Black History Month: Lonnie Johnson & Malcolm X

Since 1976, February is Black History Month in the United States, which is a time for recognizing the central role of African Americans in the U.S. history as a nation. Black History Month began in 1915, after the thirteenth amendment abolished slavery in the United States. President, Gerald Ford was the president who officially recognized Black History Month to honor the accomplishments made in history. Below we explore the stories of two individuals who strove to create a better future for themselves and the next generations.

LONNIE JOHNSON

Lonnie Johnson and the Super Soaker

Inventor of the Super Soaker

Born in Mobile, Alabama, as a child he wanted to be a maker and a creator. In 1968, at Williamson High School, Lonnie designed a four-foot-tall remote-controlled robot. He called it “Linex” and won first place at the school science fair.

After graduating William High School, Johnson attended Tuskegee University earning a bachelor’s degree in mechanical engineering and a master’s in nuclear engineering. After college, Johnson joined the U.S. Air Force, where he worked on the stealth bomber program. Later, he worked on the stealth bomber program. Later, he worked at NASA’s Jet Propulsion Lab with the nuclear power source from the Galileo mission to Jupiter.

In his spare time, he worked on his own side projects. This was how the idea for the Super Soaker came about. It was launched in 1991 and earned more than $200 million in sales. Johnson discovered he was underpaid royalties and in 2013 he was awarded $73 million in royalties from Hasbro Inc. The Super Soaker went on to rank annually among the world’s Top 20 best selling toys.

Lonnie G. Johnson and his wife, Linda Moore have four children. They live at Ansley Park in Atlanta, Georgia.

MALCOLM X

Malcolm X

” A man who stands for nothing will fall for anything”

Malcolm X was a minister, human rights activist and prominent black nationalist leader who served as a spokesman for the Nation of Islam during the 1950s and 1960s. Malcolm changed his surname to “X” as a symbol of true African family that he could never know. In 1958 Malcolm married Betty X and they had six daughters together.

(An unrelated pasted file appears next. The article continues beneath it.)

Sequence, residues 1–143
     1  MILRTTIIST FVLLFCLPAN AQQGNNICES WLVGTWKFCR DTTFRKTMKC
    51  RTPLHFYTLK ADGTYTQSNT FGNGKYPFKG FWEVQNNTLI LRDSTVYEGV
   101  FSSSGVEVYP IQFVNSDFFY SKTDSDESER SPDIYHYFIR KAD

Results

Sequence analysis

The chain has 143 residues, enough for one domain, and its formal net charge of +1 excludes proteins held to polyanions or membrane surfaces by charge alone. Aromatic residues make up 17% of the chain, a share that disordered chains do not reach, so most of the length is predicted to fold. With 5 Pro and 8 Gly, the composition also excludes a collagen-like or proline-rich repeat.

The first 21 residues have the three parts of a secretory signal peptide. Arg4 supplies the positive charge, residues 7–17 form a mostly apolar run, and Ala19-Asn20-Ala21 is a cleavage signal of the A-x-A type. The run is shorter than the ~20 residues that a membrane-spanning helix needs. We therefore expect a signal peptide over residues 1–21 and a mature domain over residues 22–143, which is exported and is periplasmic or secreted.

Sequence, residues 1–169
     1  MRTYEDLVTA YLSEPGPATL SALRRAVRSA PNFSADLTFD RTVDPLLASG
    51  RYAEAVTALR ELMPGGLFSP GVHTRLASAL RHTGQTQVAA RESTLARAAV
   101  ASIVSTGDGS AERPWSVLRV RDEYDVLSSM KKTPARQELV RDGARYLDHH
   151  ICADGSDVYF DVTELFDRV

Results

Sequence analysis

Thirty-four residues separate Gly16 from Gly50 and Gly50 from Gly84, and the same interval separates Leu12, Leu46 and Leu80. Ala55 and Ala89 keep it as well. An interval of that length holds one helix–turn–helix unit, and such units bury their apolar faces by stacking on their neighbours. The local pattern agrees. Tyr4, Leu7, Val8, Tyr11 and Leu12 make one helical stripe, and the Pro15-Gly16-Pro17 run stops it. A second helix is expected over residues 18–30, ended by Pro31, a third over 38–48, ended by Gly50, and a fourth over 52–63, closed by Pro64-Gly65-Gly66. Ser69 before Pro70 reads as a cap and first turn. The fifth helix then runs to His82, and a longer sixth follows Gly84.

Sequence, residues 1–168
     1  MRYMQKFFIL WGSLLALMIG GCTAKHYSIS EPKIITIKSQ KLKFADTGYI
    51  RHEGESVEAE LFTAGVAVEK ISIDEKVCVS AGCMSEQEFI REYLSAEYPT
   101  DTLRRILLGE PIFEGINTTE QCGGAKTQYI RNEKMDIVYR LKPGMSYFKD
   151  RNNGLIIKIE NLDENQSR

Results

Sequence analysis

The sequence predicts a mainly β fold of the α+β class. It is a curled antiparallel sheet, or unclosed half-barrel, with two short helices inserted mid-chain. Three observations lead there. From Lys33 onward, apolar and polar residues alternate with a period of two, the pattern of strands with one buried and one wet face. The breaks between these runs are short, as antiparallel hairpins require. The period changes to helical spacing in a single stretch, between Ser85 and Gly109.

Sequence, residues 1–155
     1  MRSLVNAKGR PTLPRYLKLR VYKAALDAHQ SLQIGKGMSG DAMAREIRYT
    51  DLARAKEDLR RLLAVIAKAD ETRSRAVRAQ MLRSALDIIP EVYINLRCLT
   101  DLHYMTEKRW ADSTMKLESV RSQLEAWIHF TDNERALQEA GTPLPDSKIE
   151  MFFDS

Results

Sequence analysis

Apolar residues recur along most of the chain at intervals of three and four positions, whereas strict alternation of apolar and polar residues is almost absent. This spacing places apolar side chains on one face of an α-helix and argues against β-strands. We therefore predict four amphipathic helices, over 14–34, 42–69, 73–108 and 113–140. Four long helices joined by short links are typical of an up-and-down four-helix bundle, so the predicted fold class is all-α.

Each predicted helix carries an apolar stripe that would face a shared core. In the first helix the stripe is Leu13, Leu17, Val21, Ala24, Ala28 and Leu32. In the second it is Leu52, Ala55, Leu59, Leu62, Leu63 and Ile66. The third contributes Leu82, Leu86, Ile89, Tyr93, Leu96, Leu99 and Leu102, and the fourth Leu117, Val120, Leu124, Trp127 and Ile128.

Malcolm was one of the most sought out speakers on college campuses. Malcolm also spoke before political groups. Tensions started to increase between Malcolm and the Nation of Islam. In 1965 Malcolm’s public criticism prompted anonymous threats against his life. Malcolm was criticized in the Nation of Islam publications. On March 1964, Malcolm publicly announced his break from the Nation of Islam. This led him to create a new organization called “Organization of Afro-American Unity (OAAU)” that didn’t have strict and harsh rules that the Nation of Islam had. Malcolm received a lot of support instantly.

In June 1964, the Nation of Islam sued to reclaim Malcolm X’s home in Queens, New York. Malcolm was ordered to vacate and the night before a scheduled hearing to postpone the eviction date, the house was burned to the ground. No injuries were reported but no one was charged with any crime.

He continued to embrace black self-defense, and black self-determination, but disavowed racism. Malcolm X was at a meeting of the organization of Afro- American Unity as a speaker when two men went to the stage with fired handguns, hitting Malcolm 16 times. Malcolm X was pronounced dead shortly after he was transported to the Columbia Presbyterian Hospital. Malcolm X was assassinated at the age of 39 by three members of the Nation of Islam. The funeral of Malcolm X was estimated to be between 14,000 and 30,000.

Malcolm X published his autobiography, he will be remembered for his contribution and standing up for what his beliefs are. Malcolm demonstrated the great lengths one can go to which humans can secure their freedom.

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